Another British film to look out for is Clio Barnard’s harsh but lyrical The Selfish Giant. Inspired by the Oscar Wilde story of the same name this tells the tale of Arbor and Swifty, two young boys growing up in a bleak Yorkshire town who get involved with a local scrap dealer and find a lucrative way to earn some money and give them some dubious purpose to their seemingly directionless lives by finding and selling copper wire. The film has the documentary style realism of a Ken Loach movie and boasts astonishing performances from non-professional actors Conner Chapman and Shaun Thomas.
A bold transposition from book to film is made by James Franco in As I lay Dying, adapted from William Faulkner’s 1930 novel about a hazardous journey a Southern farming family makes across the US in order to bury the body of the mother of the household. Franco (who also stars in the film) finds cinematic equivalents for the way in which the novel gives the interior psychological perspective of each character and the conflicts that erupts within and between them. The main drawback is an overextended use of the split screen technique but the film manages to realistically evoke period and place and with the aid of the fine ensemble acting performances emerges as a powerful, heartbreaking family melodrama.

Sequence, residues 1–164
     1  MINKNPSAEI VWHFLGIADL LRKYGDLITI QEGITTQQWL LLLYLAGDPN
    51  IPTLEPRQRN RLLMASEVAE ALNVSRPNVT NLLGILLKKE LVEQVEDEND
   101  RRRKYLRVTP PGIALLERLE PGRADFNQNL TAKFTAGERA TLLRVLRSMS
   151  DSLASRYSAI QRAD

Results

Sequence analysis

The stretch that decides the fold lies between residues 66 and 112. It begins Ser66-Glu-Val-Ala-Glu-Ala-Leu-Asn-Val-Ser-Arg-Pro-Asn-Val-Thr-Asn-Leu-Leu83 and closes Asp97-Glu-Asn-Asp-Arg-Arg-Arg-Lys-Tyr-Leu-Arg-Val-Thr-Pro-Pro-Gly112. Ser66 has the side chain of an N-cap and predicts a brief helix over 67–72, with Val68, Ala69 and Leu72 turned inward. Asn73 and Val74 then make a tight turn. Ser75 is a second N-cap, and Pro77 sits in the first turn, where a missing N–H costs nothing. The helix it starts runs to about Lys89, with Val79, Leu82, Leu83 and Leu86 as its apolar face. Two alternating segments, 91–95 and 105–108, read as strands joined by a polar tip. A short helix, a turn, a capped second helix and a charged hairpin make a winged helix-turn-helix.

I was rather disappointed with Ivan Sen’s slow-burn thriller Mystery Road, set in outback Australia against the background of a community marked by racial tension and economic inequality.
The story centres on an Aboriginal policeman, who returning to his hometown after a long absence is given the job of investigating the brutal murder of a local teenage girl, and he uncovers a web of corruption and an increasing body count. The film seems like a distillation of the Western and crime thriller genres, has little new to say while the ending seems rusted and unsatisfying. However, Aaron Pedersen gives an impressive performance in the lead role.